Tesla Model 3 review

The Tesla Model 3 strengthens its influence with a significant update to styling, range, comfort and refinement.

Pros: Efficiency, on-board technology, performance. 

Cons: Fiddly interior controls, saloon boot. 

Tesla Model 3 Design

The Model 3 first arrived in Ireland in 2019 and quickly became a bestseller. Sales have stayed strong with some well-publicised price cuts in the interim keeping it firmly in the minds of buyers looking for a cool and capable long range electric vehicle. Yet these days newcomers like the Polestar 2, BYD Seal and Hyundai Ioniq 6 are looking to take a swipe from the same market. Tesla bites back with an update that’s far more than just a facelift – though the smoother front fascia and slim new headlights certainly sit well on the 2024 model. At the rear, the lights get a new C-shape and T E S L A is now spelt out across the boot lid. The standard wheel size is 18-inch and will get you farthest on a single battery charge. Combined with the Model 3’s smoother, aerodynamic shape, that’s now up to 554 kilometres (WLTP) in the entry level single motor, rear wheel drive model. There’s five colours to choose from including new Stealth Grey and Ultra Red.

Tesla Model 3 Interior

Just when you though Tesla couldn’t make car interiors any more minimalist, the company removes the stalks from behind the steering wheel. What results is a very clean look but puts simple controls like selecting forward and reverse into the screen. The indicators are now buttons on the steering wheel. They still have a nice tactility to them but make signalling on a roundabout an unnecessary clumsy affair. There are handy shortcut buttons on the steering wheel that help you access the wiper menu quickly or adjust the Autopilot driver assistance feature. The 15.4-inch touchscreen is still one of the most impressive in the business with logical menus and a myriad of games and other features to discover. Battery preconditioning is also handily connected through the navigation system.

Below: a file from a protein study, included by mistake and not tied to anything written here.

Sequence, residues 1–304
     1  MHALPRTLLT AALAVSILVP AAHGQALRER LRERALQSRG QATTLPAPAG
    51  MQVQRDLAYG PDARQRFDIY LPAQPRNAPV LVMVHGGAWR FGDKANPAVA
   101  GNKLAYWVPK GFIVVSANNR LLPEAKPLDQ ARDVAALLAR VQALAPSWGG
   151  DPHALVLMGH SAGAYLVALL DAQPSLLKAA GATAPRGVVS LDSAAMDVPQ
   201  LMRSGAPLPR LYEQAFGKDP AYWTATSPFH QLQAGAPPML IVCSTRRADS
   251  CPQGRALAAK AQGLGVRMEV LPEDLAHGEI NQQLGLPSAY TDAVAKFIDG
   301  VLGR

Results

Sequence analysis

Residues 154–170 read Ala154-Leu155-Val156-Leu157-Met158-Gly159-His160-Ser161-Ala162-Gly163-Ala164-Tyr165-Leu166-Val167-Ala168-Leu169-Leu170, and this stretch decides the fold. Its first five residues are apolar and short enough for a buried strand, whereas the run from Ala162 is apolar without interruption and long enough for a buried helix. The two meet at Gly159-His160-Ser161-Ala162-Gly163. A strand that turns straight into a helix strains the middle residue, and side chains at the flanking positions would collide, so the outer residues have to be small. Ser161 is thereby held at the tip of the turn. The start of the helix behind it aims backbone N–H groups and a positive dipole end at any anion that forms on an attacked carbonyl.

Cabin quality has also improved over the years and the update adds classy ambient lighting with choice of colours. The seats are new, with front seats now heated and ventilated, and the outer two rear seats heated as standard. Other notable features include the standard fit glass roof, dual wireless smartphone charging pads and excellent sound system.

There’s loads of legroom in the rear and headroom is okay for a saloon too. The update also adds a new digital screen for rear seat passengers giving them access to their own climate control and entertainment.

The boot is also bigger than direct rivals at 594 litres with handy underfloor storage though practicality is limited somewhat by the narrow saloon opening. A Model Y offers a more practical hatchback-style boot. There's also a handy 88-litre storage compartment under the bonnet. 

Tesla Model 3 Performance & Drive

Tesla has made updates to the suspension for more comfort. New refinement measures include improved insulation and acoustic glass now all round. New tyres are also optimised for noise and range. The Model 3 is good to drive with natural, fluid steering and plenty of grip around corners. The ride quality is not quite premium but it’s generally a smooth drive across Irish roads. There’s not a huge amount of character to the drive but it’s admirable for its efficiency. We averaged about 12.8 kWh per 100 kilometres during our time with the Model 3 rear wheel drive.

And then there’s the performance. Even the rear wheel drive model offers nifty performance from its 57.5kWh battery and 245hp rear mounted motor. 0-100 km/h is a hot hatchback rivalling 6.1 seconds and Tesla hasn’t held back on the accelerator response. Regenerative braking is integrated into the drive and the Model 3 offers true one pedal driving. Access to Tesla’s supercharger network is another bonus, as is high speed charging – up to 170kW for rear wheel drive models and up to 250kW for the all wheel drive.

Worth noting because It’s not something that usually bothers us, but the Model 3’s turning circle isn’t great for a vehicle of this size and can make parking in tight spaces or U-turns surprisingly awkward.

Tesla Model 3 Pricing

The Model 3 starts from €38,607 for the rear wheel drive model tested here with range up to 554 kilometres (WLTP), from €50,171 for the long range all wheel drive with up to 629 kilometres (WLTP) range and from €61,091 for the upcoming Performance model with up to 528 kilometres (WLTP) of range.

Carzone Verdict

The Model 3 is one of Ireland’s bestselling electric cars and deservedly so. It’s priced very well, offers excellent range and efficiency, and is packed with technology features. The update brings more comfort and refinement, and if you can live with the pared back cabin, there’s never been a better time to get one. 

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